Captain R. C. Smith, who was in the stationary car, reported that a young Republican shot and killed Mallaby after a short conversation. Smith then reported throwing a grenade from the car in the direction of where he thought the shooter had hidden. Although he was not sure whether or not it hit its target, the explosion caused the back seat of the car to ignite.[4] Other accounts, according to the same source,[4] stated that it was the explosion and not a shooter that killed Mallaby. Regardless of its exact details, Mallaby's death was a significant turning point for the hostilities in Surabaya, and a catalyst for the battle to come. The British ordered an Indonesian surrender, and on 10 November they rolled out a large retaliatory attack.[2]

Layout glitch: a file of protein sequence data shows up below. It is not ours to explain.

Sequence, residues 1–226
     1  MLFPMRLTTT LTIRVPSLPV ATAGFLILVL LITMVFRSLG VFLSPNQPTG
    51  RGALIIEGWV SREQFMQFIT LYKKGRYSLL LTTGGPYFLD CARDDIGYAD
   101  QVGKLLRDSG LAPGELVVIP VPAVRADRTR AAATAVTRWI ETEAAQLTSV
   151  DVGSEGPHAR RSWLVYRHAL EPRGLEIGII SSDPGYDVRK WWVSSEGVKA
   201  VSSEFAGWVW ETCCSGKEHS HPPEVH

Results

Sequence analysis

The main battle[edit]

Bren gunners of 3/9th Jat Regiment cover the advance of their regiment against Indonesian nationalists, circa 15–16 November 1945.

Lieutenant General Sir Philip Christison was angered when he heard that Brigadier Mallaby had been killed in Surabaya. During a lull in the fighting, the British brought in reinforcements and evacuated the internees.[2] An additional two brigades (9th and 123rd British Indian) of the 5th British Indian Division led by Major General Robert Mansergh were deployed with Sherman and Stuart tanks, 2 cruisers and 3 destroyers (including HMS Cavalier) in support.[1][a]

At dawn on 10 November, a day now commemorated in Indonesia as Heroes' Day, British troops began a methodical advance through the city under the cover of naval and air bombardment. Fighting was heavy, with British troops clearing buildings room by room and consolidating their gains. Despite the fanatical resistance of the Indonesians, half of the city was conquered in three days and the fighting over in three weeks (29 November).[11] Estimates of Indonesian deaths range between 6,300 and 15,000, and perhaps 200,000 fled the devastated city.[2][12] British Indian casualties totalled approximately 600.[13]

Aftermath[edit]